Chicago Community Groups Unite to Help Neighbors During Pandemic

Posted on by Marisa Sloan, Northwestern University

A picture-in-picture of women on a video conference.

This student-authored post is published by CPR in partnership with Medill News Service and the Northwestern University Medill School of Journalism, Media, Integrated Marketing Communications. The views and opinions expressed in this article are the author’s own and do not necessarily reflect the views, policies, or positions of CPR or CDC.

My introduction to phone banking didn’t go as expected. I thought I would be giving advice to people, not getting it.

During one phone call, the older adult woman on the other end asked how I was doing. I admitted to being exhausted by graduate school. She advised me to do a little more praying and a lot more sleeping. Unscripted moments like those are a fringe benefit of working with Community Cares Illinois (IL).

Community Cares IL is a coalition of groups from across the Chicago area that came together to check in on their community members at greatest risk during the COVID-19 pandemic. They host weekly phone bank sessions during which dozens of virtual volunteers connect residents with needed resources to make it easier for them to shelter in place. The service started in March, during the first week of the Illinois stay-at-home order.

“That was the same week the first woman died [of COVID-19] in Chicago,” said Maureen Keane, who leads the coalition alongside Annie Williams and Nicole Miller. “We felt this sense of urgency, but it took us a little bit to get up and running because we wanted to do it well.”

Volunteer sessions take place every Tuesday afternoon via video chat. After a brief review of protocols, volunteers spend an hour clicking through the phone bank, dialing numbers, and using a script to ask community members if they need help getting groceries, medications, or anything else during the pandemic.

Over the summer, Community Cares IL worked with residents in Austin, a neighborhood on Chicago’s West Side whose population is nearly 80% Black. CDC data show that Black and Latino people are contracting the virus at nearly three times the rate of White people, and nearly five times as likely to be hospitalized once they have COVID-19.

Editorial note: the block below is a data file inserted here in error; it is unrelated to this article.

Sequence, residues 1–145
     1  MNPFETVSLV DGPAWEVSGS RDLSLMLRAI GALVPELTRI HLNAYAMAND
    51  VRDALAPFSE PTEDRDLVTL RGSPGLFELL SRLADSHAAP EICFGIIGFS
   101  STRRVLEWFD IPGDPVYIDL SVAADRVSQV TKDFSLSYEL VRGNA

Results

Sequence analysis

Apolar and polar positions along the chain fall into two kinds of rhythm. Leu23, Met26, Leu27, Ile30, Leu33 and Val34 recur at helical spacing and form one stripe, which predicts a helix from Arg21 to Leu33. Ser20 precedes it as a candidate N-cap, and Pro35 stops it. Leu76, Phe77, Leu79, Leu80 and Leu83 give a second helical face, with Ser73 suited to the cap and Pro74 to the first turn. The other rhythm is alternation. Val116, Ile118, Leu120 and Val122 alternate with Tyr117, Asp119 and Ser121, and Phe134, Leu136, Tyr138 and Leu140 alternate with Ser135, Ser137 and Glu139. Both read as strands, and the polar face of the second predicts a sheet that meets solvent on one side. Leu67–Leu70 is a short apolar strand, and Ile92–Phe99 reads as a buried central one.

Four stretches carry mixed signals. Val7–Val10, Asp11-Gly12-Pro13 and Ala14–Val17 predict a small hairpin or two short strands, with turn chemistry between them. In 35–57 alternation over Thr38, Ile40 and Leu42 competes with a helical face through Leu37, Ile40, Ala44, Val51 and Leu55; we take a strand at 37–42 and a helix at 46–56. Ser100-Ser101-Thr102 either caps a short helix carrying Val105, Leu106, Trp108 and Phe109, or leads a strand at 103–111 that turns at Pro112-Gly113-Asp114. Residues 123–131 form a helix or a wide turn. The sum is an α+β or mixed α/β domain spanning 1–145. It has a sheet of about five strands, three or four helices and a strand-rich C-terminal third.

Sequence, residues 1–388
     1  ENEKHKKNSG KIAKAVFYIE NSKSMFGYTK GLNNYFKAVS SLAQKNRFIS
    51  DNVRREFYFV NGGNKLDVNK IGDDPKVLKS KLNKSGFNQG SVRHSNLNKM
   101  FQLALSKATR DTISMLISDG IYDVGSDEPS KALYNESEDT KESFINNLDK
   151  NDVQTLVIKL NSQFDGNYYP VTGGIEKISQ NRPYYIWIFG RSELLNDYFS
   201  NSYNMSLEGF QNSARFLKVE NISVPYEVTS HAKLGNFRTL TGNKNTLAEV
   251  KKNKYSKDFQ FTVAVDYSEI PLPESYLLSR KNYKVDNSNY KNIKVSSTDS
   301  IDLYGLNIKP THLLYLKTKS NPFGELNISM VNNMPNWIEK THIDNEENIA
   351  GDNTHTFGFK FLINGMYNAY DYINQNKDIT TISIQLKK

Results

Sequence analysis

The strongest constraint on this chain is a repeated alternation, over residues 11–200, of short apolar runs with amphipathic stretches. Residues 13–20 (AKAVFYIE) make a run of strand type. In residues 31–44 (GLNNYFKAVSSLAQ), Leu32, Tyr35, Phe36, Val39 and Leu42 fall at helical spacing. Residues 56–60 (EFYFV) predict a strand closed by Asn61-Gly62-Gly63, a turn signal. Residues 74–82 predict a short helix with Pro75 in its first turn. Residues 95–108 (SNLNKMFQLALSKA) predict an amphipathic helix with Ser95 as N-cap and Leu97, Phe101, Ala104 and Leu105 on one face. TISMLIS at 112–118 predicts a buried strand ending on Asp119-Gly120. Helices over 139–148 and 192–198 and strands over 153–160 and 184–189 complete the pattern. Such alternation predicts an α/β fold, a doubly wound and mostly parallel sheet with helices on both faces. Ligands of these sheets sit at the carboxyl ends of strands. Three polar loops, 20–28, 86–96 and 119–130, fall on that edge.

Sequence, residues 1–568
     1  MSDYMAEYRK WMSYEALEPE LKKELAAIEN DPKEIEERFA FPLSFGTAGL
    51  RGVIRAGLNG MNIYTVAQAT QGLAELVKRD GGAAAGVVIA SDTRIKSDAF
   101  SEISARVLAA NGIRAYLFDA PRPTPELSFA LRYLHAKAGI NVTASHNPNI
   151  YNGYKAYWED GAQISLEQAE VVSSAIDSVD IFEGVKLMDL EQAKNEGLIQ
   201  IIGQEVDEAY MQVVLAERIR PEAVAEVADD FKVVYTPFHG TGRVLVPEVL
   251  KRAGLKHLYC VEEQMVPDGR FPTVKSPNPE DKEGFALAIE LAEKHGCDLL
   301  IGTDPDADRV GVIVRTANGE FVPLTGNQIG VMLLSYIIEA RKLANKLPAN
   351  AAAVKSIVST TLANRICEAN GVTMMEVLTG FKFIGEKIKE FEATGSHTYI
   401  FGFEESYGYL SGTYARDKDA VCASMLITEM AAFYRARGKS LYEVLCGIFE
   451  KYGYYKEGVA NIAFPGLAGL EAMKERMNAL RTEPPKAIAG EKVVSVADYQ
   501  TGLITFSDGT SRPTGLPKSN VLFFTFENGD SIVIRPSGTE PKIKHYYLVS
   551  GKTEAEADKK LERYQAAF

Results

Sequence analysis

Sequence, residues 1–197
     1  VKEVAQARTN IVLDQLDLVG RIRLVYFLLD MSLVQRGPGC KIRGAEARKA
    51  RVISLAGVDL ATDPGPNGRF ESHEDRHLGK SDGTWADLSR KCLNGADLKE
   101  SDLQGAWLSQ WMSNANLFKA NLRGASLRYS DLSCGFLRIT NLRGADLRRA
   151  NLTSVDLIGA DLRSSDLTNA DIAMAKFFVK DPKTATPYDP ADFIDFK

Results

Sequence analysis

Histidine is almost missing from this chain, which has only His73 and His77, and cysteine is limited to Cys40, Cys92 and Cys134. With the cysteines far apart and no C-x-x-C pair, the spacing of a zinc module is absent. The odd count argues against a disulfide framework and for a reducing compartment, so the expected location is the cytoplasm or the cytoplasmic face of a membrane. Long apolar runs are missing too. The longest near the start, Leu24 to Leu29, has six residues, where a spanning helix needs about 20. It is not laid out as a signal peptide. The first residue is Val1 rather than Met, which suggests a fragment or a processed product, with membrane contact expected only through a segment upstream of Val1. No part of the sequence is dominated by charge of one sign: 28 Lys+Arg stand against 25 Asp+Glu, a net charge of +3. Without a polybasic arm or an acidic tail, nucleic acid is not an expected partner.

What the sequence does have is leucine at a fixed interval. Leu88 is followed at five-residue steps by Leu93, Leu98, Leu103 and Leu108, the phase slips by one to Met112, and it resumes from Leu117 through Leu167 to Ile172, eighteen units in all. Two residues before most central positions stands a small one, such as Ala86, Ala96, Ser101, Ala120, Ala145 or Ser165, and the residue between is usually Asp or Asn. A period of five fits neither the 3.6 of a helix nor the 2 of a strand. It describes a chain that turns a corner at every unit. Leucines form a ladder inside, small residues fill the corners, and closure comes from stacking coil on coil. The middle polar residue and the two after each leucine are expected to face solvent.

After learning that Black people in every age group were also dying from the virus at about the same rate as White people a decade older, according to the Brookings Institution, Keane said she and the other organizers decided they needed to reach out to minorities across a greater age range.

“We bumped down the [age of residents we call] because Black people are dying at age 45 and at age 50,” she said.

To ensure volunteers can provide community members with as many resources as possible, the coalition’s leaders scoured the internet to compile an extensive guide. In just a few months, it has grown into a massive, 33-page document filled with information on everything from the location of food pantries and testing sites to debt relief programs and housing assistance.

“It’s not easy,” said Keane. “But at the same time, it’s important, so it doesn’t feel hard.”

The guide is updated whenever the availability of those resources changes or a resident expresses the need for something during a call that is not yet included. Oftentimes, their needs aren’t material.

“A lot of residents are just thankful that they got a phone call, even if they don’t necessarily need anything,” said 17-year-old Emma Zubak, who volunteers for Community Cares IL. “They’re thankful that they have someone to talk to, even if it was over the phone for five minutes.”

The leaders stressed that everyone has been impacted by the pandemic in some way and that volunteers get just as much out of the calls as those picking up the phone. It’s why every Tuesday afternoon session wraps up with an opportunity for volunteers to socialize with one another.

“The end is my favorite part because we get to share any unusual call we had, best practices that we picked up or connections we made,” said co-leader Annie Williams, adding that the sense of connectedness, albeit virtual, is what keeps volunteers coming back.

Miller said the most important part of their operation, besides the phone bank, is having such dedicated people who consistently show up and keep it going. She said Community Cares IL is fortunate, as a coalition of organizations, to have a large network of devoted people to depend on.

That will become even more important moving forward. The leaders expect the pandemic to worsen in the fall in conjunction with an uptick in flu cases and that the need for campaigns like this will grow as federal assistance dries up and smaller community groups must tap out.

“A lot of people have kind of thrown their hands up and said, ‘well, we can’t do anything,’” said Miller. “But that’s not true. We can call people, we can bring resources together and we can see each other’s smiling faces on video while we do it.”


Thanks in advance for your questions and comments on this Public Health Matters post. Please note that the CDC does not give personal medical advice. If you are concerned you have a disease or condition, talk to your doctor.

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Page last reviewed: December 4, 2020
Page last updated: December 4, 2020